An interview taken from our new digital issue.Fresh from his introspective exhibit of his own experiences as a young, queer, British designer, artist Olli Hull talks to KALTBLUT about his recent installation Act Normal and what it means to be a queer creative in a world filled with constant conflict, fear and isolation.
K: Hi Olli, first of all congrats on the exhibition and thank you for inviting Kaltblut to come along. We loved it. How have you found the response?
O: It was a bit overwhelming! I don’t think I had fully prepared myself for how it would feel to have all of my insecurities, thoughts and feelings on display for everyone to see like that. There was a funny moment on the day I was setting up, my parents walked into the exhibition whilst I was trying to hang a naked portrait of myself with the words “I can’t say how I feel but I can send nudes to strangers online” written across it in big pink writing… The whole thing made me feel super vulnerable but I was really moved by some of the conversations I had with people who had related to some of the themes in my work, and that made it all worth it.
K: What made you create the Act Normal exhibition and how did it come about?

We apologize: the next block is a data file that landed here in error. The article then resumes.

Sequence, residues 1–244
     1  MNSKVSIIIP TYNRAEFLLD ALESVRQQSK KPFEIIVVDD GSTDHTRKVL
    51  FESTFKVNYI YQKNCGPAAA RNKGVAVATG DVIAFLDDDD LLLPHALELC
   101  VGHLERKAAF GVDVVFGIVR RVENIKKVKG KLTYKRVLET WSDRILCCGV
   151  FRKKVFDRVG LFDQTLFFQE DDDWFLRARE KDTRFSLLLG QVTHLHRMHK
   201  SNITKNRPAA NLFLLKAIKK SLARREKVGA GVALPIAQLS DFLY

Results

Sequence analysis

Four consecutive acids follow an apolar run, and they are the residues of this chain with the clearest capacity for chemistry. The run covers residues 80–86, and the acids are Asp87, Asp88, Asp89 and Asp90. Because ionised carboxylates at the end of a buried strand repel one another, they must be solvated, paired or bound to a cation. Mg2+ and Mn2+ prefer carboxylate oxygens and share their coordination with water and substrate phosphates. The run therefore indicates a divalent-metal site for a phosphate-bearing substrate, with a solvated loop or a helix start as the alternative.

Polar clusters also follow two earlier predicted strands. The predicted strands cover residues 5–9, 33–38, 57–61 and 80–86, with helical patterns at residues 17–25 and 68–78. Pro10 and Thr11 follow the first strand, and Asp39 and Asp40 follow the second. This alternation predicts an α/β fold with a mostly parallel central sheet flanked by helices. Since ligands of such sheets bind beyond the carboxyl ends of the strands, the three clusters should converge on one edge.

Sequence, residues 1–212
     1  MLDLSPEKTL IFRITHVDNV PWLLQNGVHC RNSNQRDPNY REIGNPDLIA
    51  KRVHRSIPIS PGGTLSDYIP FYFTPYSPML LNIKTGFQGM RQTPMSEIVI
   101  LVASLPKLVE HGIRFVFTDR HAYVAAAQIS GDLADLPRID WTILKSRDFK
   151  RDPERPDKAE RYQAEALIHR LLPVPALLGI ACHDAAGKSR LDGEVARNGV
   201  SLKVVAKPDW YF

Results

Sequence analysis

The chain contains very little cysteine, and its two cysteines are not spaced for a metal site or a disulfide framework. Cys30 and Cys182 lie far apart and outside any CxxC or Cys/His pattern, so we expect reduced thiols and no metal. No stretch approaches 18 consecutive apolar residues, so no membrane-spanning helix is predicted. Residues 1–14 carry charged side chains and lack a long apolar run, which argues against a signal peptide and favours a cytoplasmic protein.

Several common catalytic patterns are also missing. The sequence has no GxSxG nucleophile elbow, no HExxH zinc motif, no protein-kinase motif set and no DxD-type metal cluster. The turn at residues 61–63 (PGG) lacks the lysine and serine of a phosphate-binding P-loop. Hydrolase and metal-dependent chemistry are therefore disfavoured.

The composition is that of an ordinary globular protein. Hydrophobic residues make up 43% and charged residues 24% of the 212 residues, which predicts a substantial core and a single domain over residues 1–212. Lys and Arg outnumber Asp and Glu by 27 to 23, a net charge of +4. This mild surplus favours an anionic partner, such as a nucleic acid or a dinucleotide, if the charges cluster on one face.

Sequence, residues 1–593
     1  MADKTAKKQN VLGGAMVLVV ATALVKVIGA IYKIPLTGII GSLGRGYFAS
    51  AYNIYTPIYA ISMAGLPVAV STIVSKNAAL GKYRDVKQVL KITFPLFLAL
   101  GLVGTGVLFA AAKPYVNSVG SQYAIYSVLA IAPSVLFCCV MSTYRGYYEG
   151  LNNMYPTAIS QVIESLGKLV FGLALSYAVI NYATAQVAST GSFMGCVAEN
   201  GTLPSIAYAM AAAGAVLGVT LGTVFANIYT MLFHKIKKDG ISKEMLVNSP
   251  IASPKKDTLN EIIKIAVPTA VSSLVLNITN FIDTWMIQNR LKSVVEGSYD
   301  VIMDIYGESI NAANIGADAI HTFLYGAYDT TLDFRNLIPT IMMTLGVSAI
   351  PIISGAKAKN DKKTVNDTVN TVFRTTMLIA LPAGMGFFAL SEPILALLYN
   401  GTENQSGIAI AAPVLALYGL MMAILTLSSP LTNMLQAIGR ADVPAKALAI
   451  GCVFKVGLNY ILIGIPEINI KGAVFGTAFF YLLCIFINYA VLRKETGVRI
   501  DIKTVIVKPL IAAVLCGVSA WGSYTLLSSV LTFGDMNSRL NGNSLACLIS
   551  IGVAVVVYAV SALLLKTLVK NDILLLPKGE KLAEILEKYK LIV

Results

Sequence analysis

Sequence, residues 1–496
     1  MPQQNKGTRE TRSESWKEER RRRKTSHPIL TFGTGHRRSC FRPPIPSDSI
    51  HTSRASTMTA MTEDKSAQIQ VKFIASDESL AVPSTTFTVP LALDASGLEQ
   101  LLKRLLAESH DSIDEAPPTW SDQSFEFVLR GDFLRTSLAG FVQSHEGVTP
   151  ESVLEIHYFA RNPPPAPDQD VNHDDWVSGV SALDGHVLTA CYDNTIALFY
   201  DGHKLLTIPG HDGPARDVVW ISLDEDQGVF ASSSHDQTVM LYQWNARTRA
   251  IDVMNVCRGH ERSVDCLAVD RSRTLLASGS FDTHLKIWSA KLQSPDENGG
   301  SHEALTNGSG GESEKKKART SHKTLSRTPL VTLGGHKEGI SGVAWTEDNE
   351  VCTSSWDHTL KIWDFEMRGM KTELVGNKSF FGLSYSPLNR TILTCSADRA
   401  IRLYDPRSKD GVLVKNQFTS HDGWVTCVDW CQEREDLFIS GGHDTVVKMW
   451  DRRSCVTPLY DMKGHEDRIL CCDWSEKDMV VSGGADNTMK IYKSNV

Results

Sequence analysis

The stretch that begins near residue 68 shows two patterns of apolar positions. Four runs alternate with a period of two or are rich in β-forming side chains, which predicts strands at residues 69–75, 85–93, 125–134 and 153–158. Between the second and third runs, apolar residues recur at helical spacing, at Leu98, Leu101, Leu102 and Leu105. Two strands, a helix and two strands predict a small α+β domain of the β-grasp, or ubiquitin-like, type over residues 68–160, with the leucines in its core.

O: ‘Act Normal’ was about deconstructing and challenging the concept of ‘Normality’. As someone who grew up thinking that I wasn’t ‘normal’, and who was bullied for being different, I really wanted to turn the question around and ask everyone else “well what is ‘normal’ anyway?”. I wanted to reveal some of the hypocrisy in the things that our society has accepted as normal and rejected as not.
K: Let’s go back further and talk about when you realised you wanted to become an artist/designer. Was there a light bulb moment for you and what was it like?
O: I’ve wanted to make art since I was a child, but around 2 years ago whilst I was working as a hairstylist I made the decision to pursue a career as an artist full time. I’d been reading this book and there was a chapter that basically said that any career you choose to pursue inevitably comes with a shit sandwich. For example, you could be working in a really well-paid office job and the perks might be amazing but the shit sandwich you have to eat every day is that you really wanted to be a writer. However, the shit sandwich you’d have to eat if you chose to be a writer would be that statistically you would probably never write a best-seller, and you might be consistently broke, but on the flip side you’d get to do the thing you loved… so which shit sandwich would you rather eat? I know it sounds a bit whack and maybe obvious to a lot of people, but it was a pretty big lightbulb moment for me. I quit my hairdressing job that week.
K: OK. All I can think of right now is Ross from Friends and ‘’MY SANDWICH’. I’m glad it has worked out for you as it can be a huge risk.. Where is your safe space as an artist?
O: My safe space is when I’m alone in my studio, I’m disconnected from social media, my phone is on airplane mode, and I’m playing my ‘Safe Place’ playlist which is full of my favourite John Martyn and Joni Mitchel songs. Oh, and if it’s raining outside then even better!